Basement Plumbing - How to Install Plumbing in a Basement
DIY Basement Plumbing just got a whole lot easier!
Basements in many newer homes are built with basic plumbing drains and vent stacks built into the basement. This is commonly called stub-outs or stubs. If you see pvc plumbing pipes that look like they just go into the basement floor and lead nowhere, you may already have basic stubs for plumbing. Stub-out plumbing in a basement could include drains for a toilet, tub and shower drains as well as a bathroom sink drain and a vent stack for the future basement bathroom. Don't worry if you don't know which pipe is for plumbing. We will go over some basic plumbing terms on this page. Pictures and video of basement plumbing will also be included at the bottom of this page as well as links to other helpful plumbing resources for your basement.
If you have an older home or a basement where plumbing stub-outs were not included during construction, you can still add whatever plumbing fixtures you need and tie them into the existing home plumbing. Installing a bathroom with toilet or a shower will require you to break up the concrete to run drain lines and you may have to install an ejector pump to drain the waste. Most important is to have a plan before you start. Draw your plumbing layout and fixtures on the basement floor with chalk, Make a blueprint or whatever you have to do to figure out where the basement plumbing will go.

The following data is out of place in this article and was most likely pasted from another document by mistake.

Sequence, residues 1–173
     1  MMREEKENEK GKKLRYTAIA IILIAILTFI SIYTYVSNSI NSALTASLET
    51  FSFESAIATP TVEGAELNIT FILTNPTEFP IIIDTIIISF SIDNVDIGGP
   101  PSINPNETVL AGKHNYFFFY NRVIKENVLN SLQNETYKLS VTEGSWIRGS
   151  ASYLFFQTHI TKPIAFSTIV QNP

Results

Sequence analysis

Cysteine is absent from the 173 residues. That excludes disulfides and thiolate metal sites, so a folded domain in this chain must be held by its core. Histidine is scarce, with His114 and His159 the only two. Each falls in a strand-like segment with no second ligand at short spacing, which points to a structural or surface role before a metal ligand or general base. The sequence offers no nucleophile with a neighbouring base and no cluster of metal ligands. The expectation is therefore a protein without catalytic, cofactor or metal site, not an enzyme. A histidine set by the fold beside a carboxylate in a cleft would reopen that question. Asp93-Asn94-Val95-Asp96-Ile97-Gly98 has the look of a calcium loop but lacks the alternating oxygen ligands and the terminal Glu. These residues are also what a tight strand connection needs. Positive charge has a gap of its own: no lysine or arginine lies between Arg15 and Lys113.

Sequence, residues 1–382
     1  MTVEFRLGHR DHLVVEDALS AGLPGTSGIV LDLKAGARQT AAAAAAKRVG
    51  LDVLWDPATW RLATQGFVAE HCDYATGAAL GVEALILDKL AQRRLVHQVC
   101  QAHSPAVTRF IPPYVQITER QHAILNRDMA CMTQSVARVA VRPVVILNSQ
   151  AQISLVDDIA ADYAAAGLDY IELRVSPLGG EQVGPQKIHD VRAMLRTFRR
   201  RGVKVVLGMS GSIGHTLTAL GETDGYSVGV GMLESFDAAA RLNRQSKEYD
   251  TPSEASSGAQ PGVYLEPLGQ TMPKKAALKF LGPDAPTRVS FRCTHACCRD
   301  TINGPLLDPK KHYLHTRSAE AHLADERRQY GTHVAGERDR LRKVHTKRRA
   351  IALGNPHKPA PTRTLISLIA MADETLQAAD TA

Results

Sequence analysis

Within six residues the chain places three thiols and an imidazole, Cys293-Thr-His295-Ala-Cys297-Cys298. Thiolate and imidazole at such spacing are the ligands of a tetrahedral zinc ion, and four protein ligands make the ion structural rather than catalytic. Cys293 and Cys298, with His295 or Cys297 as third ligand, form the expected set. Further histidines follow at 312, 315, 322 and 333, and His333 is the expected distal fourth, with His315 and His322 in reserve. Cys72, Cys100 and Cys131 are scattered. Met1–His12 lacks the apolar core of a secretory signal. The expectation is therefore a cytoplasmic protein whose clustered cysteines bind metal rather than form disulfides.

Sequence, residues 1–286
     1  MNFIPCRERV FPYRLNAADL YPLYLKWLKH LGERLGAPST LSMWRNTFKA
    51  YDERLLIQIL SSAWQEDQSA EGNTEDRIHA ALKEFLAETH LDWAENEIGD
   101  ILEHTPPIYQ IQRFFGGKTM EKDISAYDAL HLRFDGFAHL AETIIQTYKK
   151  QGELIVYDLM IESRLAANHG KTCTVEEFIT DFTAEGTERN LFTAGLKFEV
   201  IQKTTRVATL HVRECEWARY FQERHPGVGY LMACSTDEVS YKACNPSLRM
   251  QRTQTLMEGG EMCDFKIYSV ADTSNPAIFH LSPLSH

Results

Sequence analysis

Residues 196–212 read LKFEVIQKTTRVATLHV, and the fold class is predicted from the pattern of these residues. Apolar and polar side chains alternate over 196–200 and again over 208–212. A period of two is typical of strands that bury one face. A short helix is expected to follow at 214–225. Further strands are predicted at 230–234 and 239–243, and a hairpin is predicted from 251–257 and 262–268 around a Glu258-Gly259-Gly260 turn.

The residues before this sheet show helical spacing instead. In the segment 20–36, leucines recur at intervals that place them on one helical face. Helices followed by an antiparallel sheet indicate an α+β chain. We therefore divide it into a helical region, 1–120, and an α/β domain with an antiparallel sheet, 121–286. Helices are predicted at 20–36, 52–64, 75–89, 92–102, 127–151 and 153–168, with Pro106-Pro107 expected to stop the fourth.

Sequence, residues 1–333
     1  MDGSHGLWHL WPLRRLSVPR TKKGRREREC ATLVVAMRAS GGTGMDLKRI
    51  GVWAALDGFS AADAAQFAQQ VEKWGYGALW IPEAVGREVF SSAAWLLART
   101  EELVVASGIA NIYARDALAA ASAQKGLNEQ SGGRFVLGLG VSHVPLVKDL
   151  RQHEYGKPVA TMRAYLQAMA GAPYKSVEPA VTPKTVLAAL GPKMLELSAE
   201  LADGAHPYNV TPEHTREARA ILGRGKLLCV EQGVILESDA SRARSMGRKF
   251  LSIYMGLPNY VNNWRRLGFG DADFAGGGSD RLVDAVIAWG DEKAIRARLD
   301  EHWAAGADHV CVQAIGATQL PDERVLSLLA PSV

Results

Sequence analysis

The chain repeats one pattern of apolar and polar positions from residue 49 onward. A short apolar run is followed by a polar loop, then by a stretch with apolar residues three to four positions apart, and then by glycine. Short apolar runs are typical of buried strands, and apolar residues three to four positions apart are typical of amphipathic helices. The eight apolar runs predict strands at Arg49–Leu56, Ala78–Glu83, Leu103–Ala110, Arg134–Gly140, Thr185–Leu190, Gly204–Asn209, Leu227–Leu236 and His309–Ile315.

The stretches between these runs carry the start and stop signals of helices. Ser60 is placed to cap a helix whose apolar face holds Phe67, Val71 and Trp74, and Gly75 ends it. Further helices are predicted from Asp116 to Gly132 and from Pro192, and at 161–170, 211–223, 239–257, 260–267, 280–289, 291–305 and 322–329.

When installing plumbing it is important to know what codes your area requires. You can usually get this information by calling your local building dept. You may need a licensed plumber to check your work and also to be present during rough-in or final plumbing inspections. Requirements can vary for different areas so be sure you know what is required in your basement before you start.
How Basement Plumbing Works
The main water line coming into your house is the supply line. The supply line will connect to every fixture that requires water in your house and in your basement. The main sewer line that takes all water out of your house after it is used is part of the drain waste plumbing. Once you understand these 2 simple jobs that plumbing does, you should be able to trace your supply and drain waste lines in your basement. Most plumbing pipes in your basement will be visible. You should be able to find the main water valve or inlet where water enters your house. This is cold water and you can follow this pipe to your water heater which is usually in your basement. Cold water goes in and hot water comes out. Now you will have 2 pipes which supply hot and cold water to your house. These supply pipes will usually be made of copper but they could also be galvanized or plastic.
Drain Waste Vent
Installing New Plumbing
Stub-Out: Short lengths of pipe installed during rough-in to which fixtures and drains will eventually be installed.